This cost can only be recuperated from the farmers or the government if it decides to subsidize soil testing. Therefore, this is what the government could do in order to overcome the immediate shortcomings: subsidize soil testing; provide incentives for entrepreneurs; set up camps to spread awareness about the importance of soil health; and set up laboratories themselves in regions that need immediate attention. The entire scheme does not talk about what the farmer could do once he is aware of the health of the soil in his land. The government should also establish soil health clinics where oblivious or unaware farmers could go and get appropriate solutions to the problems pertaining to the quality or health of the soil.

[1] Soil Health Card- A tool for better productivity, Press Information Bureau, Government of India.

[2] Harish Damodaran, Soil on my Fingertips, The Indian Express, February 22, 2015.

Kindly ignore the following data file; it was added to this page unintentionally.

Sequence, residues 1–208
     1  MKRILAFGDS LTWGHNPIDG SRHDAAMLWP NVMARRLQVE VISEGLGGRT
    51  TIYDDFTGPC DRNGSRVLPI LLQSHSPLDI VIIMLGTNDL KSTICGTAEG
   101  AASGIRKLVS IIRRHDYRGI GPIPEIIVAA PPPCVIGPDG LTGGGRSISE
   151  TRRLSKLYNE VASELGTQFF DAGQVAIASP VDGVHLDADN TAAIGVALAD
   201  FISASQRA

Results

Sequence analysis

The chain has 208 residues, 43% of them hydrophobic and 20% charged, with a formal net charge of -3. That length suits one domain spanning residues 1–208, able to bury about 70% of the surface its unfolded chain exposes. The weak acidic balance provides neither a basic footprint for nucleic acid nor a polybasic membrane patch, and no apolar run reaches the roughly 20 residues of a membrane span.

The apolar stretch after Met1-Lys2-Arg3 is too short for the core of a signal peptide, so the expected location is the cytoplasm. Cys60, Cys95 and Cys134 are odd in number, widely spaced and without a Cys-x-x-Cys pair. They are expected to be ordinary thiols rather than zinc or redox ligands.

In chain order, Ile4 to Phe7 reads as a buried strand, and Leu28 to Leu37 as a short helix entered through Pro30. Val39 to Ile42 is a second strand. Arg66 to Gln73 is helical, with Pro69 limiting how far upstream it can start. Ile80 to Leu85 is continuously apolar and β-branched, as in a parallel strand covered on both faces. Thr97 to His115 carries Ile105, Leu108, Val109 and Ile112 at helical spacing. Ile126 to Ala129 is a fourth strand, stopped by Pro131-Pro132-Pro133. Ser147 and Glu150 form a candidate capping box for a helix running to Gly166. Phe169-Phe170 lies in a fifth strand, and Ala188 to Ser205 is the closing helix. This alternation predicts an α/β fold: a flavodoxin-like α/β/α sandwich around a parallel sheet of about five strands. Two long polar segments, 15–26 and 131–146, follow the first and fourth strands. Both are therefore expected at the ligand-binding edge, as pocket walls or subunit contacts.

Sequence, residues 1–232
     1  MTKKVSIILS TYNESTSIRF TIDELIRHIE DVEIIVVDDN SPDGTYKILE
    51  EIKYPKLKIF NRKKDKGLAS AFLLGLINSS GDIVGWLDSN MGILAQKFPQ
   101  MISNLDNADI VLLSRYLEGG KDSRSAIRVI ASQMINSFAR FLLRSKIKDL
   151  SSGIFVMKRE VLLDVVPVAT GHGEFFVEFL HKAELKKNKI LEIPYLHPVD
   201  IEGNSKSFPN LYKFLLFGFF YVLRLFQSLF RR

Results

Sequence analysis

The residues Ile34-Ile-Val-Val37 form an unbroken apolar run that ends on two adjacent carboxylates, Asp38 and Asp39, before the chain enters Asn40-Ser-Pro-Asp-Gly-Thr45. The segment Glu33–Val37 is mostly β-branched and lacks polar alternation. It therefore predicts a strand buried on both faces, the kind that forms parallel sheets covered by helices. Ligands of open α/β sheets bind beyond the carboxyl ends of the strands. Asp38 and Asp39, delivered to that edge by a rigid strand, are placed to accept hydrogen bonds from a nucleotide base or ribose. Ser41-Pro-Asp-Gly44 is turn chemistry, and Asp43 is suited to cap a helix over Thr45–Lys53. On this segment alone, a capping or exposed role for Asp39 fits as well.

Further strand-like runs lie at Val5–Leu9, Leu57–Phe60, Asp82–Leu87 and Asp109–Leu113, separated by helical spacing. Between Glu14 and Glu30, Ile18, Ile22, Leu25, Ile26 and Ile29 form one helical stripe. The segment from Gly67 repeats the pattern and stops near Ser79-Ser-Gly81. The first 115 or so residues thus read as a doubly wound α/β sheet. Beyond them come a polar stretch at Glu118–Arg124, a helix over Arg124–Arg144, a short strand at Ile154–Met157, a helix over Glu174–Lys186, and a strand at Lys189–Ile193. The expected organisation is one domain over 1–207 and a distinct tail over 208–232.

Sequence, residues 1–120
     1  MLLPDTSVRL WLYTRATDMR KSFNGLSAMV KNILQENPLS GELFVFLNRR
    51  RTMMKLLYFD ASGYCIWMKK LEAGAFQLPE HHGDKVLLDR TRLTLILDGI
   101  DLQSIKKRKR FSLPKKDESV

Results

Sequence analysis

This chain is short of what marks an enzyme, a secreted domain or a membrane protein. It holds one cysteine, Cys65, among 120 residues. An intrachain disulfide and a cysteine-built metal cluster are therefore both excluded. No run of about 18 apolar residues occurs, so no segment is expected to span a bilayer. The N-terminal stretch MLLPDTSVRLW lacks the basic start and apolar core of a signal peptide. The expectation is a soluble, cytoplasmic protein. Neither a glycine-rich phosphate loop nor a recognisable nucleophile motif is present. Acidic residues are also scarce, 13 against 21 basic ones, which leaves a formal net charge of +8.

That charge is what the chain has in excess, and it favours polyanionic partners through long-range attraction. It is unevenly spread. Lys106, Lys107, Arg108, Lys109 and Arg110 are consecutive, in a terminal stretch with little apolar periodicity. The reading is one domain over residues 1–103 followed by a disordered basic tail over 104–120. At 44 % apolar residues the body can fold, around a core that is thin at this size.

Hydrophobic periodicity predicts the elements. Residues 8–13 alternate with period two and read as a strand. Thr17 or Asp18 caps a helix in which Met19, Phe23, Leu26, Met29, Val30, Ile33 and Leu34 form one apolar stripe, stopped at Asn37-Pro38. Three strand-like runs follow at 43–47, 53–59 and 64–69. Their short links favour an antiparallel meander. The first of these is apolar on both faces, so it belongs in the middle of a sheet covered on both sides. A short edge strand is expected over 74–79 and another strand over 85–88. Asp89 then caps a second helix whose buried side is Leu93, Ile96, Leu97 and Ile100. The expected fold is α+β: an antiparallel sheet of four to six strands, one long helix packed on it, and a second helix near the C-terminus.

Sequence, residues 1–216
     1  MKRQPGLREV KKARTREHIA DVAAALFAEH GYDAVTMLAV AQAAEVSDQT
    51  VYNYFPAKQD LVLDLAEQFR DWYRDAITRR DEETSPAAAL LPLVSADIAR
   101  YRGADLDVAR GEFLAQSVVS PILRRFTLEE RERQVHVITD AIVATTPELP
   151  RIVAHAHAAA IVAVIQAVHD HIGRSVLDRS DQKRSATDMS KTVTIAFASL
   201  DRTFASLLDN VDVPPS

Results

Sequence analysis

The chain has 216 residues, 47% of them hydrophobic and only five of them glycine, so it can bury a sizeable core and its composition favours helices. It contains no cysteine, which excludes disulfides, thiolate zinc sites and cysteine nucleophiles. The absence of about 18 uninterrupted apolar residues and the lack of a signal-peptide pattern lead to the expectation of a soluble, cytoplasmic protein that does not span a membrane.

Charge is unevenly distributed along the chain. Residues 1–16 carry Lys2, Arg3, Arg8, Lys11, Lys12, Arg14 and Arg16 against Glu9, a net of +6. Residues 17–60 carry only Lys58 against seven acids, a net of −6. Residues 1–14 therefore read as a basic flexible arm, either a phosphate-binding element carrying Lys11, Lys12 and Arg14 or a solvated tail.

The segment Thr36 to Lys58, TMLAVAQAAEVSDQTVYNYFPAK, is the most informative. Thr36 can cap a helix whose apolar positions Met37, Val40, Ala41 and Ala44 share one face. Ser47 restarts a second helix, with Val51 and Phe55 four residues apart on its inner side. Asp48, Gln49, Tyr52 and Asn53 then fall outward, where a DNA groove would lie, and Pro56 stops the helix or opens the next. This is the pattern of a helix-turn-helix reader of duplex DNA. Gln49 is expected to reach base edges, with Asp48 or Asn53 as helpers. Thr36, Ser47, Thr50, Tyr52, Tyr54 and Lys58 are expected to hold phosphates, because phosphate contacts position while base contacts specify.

[3] Ibid.

About the Author

Soumya TiwariSoumya Tiwari is pursuing her B.A. LL.B. (Hons.) degree from Dr. Ram Manohar Lohiya National Law University, Lucknow and is currently in her third year. Her areas of interest are substantive criminal law and intellectual property rights law. She has a keen interest in research work and has been adjudged as the best researcher at the 7th edition of GNLU International Moot Court Competition, 2015. In her free time, she loves to read and is passionate about singing. She is currently interning with the Model Governance Foundation.

Leave a Reply